According to the generalized context model (GCM) (Nosofsky, 1986), people represent categories by storing individual exemplars (or examples) in memory, and classify objects based on their similarity to these stored exemplars. For example, the model assumes that people represent the category of ‘birds’ by storing in memory the vast collection of different sparrows, robins, eagles, ostriches (and so forth) that they have experienced. If an object is sufficiently similar to some of these bird exemplars, then the person would tend to classify the object as a ‘bird’. This exemplar view of categorization contrasts dramatically with major alternative approaches that assume that people form abstract summary representations of categories, such as rules or idealized prototypes.
The standard version of the GCM adopts a multidimensional scaling (MDS) approach to modelling similarity relations among exemplars (Shepard, 1958, 1987). In this approach, exemplars are represented as points in a multidimensional psychological space. Similarity between exemplars is a decreasing function of their distance in the space. In many applications, a first step in the modelling is to conduct similarity-scaling studies to derive MDS solutions for the exemplars and to discover their locations in the multidimensional similarity space (Nosofsky, 1992b).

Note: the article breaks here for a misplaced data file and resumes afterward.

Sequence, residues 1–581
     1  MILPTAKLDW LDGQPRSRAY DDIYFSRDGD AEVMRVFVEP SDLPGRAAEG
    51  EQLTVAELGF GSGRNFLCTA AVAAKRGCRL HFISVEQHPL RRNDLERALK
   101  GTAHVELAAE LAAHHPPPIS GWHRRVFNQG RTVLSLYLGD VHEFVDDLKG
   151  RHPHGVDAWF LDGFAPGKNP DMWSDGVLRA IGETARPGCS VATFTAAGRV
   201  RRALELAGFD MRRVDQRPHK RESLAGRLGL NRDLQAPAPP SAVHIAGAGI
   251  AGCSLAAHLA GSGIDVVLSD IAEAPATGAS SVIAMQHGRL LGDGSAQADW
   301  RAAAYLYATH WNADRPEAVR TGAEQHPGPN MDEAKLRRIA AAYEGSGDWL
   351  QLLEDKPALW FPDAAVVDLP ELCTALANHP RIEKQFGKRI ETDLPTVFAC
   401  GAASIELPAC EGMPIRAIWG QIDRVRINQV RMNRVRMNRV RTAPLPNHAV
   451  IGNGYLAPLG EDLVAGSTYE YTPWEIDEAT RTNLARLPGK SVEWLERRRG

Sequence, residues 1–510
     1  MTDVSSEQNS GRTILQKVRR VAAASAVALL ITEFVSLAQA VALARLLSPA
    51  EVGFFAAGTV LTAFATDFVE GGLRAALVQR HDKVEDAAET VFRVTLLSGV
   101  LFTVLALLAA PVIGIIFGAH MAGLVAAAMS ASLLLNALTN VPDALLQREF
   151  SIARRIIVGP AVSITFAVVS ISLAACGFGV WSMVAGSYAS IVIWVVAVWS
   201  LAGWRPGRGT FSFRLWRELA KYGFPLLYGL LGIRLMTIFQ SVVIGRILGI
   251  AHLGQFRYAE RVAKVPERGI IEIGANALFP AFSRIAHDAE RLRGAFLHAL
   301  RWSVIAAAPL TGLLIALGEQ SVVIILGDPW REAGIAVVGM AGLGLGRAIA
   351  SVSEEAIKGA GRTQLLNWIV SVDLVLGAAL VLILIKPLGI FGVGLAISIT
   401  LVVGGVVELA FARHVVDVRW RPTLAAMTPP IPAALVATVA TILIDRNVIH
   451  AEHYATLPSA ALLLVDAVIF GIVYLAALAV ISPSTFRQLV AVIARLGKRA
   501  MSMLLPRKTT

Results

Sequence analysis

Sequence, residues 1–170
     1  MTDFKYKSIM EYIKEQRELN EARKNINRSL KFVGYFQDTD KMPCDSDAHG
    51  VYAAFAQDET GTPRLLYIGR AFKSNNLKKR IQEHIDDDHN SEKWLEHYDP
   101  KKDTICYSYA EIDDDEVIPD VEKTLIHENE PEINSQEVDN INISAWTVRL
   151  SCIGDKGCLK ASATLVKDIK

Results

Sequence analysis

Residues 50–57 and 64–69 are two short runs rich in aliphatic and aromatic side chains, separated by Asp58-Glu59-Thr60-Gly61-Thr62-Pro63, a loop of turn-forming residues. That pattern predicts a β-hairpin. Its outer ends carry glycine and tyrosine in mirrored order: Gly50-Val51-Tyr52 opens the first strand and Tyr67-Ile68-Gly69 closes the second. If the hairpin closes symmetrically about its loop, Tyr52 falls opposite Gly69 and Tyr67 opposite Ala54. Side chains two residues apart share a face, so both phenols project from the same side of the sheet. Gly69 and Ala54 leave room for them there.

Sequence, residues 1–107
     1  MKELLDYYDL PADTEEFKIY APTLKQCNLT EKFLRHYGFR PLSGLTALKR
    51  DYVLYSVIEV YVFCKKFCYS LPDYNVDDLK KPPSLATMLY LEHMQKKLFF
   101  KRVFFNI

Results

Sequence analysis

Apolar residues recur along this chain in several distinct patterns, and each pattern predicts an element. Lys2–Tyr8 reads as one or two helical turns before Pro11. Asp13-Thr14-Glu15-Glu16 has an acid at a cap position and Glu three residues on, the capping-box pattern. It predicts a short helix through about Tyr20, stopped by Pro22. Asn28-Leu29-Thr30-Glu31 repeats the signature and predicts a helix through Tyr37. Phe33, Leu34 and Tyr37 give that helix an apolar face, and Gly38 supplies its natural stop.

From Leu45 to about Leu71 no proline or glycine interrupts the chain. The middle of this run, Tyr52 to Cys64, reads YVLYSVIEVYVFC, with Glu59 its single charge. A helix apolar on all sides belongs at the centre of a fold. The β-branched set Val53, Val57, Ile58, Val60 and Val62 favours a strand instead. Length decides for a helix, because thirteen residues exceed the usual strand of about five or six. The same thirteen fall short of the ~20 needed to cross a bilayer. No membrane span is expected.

A crucial assumption in the modelling, however, is that similarity is not an invariant relation, but a highly context-dependent one. To take an example from Medin and Schaffer (1978), humans and mannequins may be judged as highly similar in a context that emphasizes structural appearance, but would be judged as highly dissimilar in a context that emphasizes vitality.